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The Conversation

Veteran Mental Health Resources Available Following Afghanistan Withdrawal

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Rafiq Maqbool/AP
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The military's recent exit from Afghanistan has had a significant impact not only on those in Afghanistan but also on military personnel who served there over the last 20 years.

With images circulating of the situation in Afghanistan, the Department of Veterans Affairs sent an email to veterans reminding them of available resources if they experience post-traumatic stress disorder or have suicidal thoughts.

The Conversation reached out to the VA Pacific Islands Health Care Systems, which serves an estimated 50,000 veterans throughout Hawaiʻi and the Pacific Islands.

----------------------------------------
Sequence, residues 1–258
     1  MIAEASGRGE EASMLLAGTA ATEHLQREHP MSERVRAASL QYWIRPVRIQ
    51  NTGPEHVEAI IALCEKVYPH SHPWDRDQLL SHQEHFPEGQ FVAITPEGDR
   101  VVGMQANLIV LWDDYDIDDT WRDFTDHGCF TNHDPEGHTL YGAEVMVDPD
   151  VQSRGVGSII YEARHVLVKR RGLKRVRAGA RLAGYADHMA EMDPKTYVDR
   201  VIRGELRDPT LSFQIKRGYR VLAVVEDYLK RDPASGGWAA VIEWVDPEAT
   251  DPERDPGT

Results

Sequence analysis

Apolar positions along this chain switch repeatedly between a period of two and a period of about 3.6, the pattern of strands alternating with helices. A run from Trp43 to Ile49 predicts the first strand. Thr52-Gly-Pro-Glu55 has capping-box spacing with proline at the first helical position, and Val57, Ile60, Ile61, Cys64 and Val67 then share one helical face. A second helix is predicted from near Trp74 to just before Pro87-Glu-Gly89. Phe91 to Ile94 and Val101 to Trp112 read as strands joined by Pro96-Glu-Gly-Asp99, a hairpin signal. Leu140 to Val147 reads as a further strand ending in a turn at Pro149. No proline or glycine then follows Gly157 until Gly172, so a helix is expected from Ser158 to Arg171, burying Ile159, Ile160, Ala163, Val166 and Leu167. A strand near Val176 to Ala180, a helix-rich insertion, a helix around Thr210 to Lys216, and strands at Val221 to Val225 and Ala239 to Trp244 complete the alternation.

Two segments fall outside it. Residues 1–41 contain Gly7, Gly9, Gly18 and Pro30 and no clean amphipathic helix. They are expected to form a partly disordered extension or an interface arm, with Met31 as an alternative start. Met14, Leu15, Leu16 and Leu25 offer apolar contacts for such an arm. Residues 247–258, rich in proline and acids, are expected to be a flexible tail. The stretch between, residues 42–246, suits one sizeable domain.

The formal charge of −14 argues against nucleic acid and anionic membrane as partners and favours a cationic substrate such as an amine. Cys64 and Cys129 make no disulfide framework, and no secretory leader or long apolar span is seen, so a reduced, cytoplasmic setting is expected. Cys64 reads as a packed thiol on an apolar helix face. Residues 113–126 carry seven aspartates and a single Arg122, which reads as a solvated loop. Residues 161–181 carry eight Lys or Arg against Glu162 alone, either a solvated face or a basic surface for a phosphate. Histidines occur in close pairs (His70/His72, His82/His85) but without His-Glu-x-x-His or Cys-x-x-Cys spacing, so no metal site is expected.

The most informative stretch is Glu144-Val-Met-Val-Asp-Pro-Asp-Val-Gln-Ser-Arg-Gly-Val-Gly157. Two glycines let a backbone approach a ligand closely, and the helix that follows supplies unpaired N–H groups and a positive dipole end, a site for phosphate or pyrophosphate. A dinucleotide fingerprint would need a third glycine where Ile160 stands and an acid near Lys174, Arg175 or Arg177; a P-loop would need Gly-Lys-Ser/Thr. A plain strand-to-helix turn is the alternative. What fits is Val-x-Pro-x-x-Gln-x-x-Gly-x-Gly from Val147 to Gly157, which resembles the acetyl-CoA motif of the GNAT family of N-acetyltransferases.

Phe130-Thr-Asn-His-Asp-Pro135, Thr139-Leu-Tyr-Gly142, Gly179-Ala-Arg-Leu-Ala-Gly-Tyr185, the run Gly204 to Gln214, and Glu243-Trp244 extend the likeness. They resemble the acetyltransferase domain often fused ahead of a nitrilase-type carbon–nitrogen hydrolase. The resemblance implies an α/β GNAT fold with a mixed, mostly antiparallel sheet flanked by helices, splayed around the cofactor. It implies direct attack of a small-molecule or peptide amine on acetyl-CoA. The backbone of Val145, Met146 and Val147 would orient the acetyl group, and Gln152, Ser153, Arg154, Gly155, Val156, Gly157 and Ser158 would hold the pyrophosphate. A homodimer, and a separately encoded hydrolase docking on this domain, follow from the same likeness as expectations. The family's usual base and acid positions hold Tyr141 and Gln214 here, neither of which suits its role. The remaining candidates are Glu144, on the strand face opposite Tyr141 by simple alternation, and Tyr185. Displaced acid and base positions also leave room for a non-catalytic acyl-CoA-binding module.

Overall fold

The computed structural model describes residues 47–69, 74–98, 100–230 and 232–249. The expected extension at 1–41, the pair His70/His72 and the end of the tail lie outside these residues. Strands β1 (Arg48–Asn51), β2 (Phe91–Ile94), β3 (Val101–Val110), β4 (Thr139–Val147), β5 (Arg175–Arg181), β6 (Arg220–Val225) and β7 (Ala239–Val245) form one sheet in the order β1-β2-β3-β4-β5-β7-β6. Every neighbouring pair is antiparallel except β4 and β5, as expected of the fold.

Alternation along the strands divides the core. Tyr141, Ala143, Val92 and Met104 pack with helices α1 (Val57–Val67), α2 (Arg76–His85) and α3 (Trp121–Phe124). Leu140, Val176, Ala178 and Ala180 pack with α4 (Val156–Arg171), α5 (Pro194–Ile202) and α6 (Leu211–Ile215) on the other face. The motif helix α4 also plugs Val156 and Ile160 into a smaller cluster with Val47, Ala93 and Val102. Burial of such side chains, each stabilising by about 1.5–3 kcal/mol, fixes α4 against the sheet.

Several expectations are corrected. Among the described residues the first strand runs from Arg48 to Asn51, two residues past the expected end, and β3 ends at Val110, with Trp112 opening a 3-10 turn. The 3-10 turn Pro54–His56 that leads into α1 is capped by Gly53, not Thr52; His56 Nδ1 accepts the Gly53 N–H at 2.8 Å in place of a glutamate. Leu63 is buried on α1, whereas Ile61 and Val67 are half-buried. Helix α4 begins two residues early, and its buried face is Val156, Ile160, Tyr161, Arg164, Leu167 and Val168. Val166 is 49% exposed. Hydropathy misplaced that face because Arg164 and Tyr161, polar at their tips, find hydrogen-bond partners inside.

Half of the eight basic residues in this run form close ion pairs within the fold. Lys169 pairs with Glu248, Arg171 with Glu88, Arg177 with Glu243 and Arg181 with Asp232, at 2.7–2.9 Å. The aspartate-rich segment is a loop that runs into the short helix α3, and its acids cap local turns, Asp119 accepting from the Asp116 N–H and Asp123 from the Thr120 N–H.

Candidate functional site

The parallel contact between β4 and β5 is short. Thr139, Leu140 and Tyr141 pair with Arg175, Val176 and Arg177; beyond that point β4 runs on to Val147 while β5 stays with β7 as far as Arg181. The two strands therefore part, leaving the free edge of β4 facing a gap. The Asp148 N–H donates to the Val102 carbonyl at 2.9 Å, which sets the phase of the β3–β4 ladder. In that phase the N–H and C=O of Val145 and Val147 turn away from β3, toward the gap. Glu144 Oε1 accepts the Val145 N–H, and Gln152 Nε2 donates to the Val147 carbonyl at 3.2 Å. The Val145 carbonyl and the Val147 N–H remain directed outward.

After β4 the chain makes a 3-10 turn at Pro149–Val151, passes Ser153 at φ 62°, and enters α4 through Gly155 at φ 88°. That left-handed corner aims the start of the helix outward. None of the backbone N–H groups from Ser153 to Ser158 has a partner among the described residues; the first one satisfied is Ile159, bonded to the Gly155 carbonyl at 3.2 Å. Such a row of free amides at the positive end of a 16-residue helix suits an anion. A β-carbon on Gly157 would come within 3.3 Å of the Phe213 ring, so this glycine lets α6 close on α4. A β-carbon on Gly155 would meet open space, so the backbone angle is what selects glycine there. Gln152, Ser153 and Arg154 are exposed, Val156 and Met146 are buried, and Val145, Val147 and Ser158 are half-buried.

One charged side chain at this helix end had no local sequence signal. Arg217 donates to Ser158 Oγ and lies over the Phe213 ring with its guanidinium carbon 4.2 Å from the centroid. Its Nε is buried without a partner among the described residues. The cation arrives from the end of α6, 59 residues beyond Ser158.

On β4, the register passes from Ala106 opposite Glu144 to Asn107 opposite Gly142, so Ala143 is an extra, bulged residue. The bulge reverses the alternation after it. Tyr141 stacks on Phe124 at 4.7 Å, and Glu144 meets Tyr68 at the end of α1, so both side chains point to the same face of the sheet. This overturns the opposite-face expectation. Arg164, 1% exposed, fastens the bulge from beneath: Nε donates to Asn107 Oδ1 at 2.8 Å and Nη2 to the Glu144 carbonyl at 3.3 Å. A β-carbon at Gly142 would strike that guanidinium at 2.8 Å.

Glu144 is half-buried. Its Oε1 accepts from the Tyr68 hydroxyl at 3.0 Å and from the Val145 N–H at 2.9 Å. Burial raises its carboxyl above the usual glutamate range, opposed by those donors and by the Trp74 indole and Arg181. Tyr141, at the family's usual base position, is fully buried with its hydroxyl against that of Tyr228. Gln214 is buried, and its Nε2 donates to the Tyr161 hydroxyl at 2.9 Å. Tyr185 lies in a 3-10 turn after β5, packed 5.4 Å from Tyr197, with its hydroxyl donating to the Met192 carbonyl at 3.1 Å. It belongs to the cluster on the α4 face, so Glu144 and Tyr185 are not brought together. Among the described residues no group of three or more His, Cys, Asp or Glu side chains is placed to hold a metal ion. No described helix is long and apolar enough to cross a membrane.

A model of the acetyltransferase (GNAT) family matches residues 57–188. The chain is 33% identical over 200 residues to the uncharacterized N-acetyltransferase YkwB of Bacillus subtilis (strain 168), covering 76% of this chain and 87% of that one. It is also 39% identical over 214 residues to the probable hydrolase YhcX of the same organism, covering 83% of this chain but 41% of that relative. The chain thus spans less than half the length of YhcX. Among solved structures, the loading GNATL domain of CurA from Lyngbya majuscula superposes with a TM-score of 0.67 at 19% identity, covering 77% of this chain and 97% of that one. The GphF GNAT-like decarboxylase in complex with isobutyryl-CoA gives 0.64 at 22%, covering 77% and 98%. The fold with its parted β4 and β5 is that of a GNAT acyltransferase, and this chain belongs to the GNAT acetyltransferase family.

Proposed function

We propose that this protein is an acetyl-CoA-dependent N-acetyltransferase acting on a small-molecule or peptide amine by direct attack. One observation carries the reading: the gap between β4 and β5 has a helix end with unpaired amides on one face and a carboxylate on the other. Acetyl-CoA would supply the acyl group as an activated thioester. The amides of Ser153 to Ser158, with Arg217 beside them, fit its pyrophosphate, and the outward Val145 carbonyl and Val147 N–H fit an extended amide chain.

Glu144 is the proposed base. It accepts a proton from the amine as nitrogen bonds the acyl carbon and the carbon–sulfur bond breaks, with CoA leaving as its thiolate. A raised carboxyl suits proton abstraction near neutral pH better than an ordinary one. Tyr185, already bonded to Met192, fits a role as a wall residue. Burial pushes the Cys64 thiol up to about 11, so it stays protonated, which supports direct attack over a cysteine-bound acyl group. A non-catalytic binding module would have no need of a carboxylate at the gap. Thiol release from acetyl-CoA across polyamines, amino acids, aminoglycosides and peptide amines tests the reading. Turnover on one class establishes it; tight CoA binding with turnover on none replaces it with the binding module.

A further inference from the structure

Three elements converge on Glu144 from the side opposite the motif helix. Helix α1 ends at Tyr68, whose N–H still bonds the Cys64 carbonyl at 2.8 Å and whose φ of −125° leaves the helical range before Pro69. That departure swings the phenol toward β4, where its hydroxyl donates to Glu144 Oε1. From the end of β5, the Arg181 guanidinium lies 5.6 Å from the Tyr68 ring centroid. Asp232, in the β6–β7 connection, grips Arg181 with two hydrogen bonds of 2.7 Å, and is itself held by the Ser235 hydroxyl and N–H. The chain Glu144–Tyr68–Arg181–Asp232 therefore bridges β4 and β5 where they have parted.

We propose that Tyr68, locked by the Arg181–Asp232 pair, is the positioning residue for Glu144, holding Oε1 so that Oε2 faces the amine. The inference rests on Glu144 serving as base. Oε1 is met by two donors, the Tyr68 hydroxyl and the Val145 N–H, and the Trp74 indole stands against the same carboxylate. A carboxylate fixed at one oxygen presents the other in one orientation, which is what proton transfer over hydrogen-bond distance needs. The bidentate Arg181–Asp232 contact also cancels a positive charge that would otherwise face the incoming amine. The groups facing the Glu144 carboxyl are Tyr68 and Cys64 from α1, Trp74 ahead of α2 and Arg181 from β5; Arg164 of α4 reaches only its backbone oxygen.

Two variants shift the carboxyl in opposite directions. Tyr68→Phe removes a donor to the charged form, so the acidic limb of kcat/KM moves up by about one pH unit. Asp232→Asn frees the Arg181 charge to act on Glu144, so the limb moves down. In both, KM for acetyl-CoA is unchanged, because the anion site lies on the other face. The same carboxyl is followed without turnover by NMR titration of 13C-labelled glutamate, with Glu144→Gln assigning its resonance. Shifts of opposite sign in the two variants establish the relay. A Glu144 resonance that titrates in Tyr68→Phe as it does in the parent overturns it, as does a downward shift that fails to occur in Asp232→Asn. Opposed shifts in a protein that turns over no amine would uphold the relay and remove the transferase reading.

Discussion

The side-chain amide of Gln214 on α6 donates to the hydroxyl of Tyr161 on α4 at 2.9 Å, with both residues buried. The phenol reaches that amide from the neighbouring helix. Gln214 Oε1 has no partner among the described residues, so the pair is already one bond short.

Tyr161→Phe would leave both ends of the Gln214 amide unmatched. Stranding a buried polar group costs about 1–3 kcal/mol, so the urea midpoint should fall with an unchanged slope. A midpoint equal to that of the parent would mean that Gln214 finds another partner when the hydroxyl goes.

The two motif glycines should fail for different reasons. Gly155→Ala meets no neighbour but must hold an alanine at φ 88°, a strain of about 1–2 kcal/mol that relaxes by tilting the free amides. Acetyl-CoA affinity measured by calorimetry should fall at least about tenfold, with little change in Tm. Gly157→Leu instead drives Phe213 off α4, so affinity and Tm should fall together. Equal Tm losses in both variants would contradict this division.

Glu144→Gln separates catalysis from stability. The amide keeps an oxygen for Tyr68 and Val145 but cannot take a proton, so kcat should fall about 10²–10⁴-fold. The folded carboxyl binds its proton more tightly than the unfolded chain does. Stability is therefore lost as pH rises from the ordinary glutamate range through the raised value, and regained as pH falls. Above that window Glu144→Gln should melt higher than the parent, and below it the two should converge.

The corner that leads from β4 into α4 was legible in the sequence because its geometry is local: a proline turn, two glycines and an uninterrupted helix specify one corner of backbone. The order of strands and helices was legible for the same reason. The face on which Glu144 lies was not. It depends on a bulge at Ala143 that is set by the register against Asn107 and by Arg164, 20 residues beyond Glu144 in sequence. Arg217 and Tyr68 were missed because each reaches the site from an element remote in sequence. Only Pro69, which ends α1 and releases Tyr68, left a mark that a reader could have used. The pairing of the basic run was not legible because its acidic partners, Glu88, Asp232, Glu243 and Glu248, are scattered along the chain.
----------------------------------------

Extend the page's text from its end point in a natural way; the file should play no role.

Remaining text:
"People tend to think of PTSD as something that either you have or you don't have. It actually makes more sense to think of trauma-related reactions as a continuum because everyone who is exposed to trauma is affected by it in a different way," said Dr. Donald Banik, director of the Post-Traumatic Stress Disorder Programs.

According to the VA, there are several problems veterans can face when dealing with PTSD — among them are anger, depression, substance abuse and suicide.

"You don't have to be a trained professional to ask a veteran if they're okay," said Justin Feinhold, suicide prevention coordinator for the VA Pacific Islands Health Care Systems. "We never want to talk a veteran out of what they're feeling or be judgmental of what they're going through, but just really validating what they're experiencing."

If you or someone you know is struggling with PTSD or thoughts of suicide, click here for more resources. Veterans can call the National Suicide Prevention Lifeline at 1-800-273-8255 and press "1" to speak with VA personnel.

These interviews aired on The Conversation on Aug. 19, 2021.

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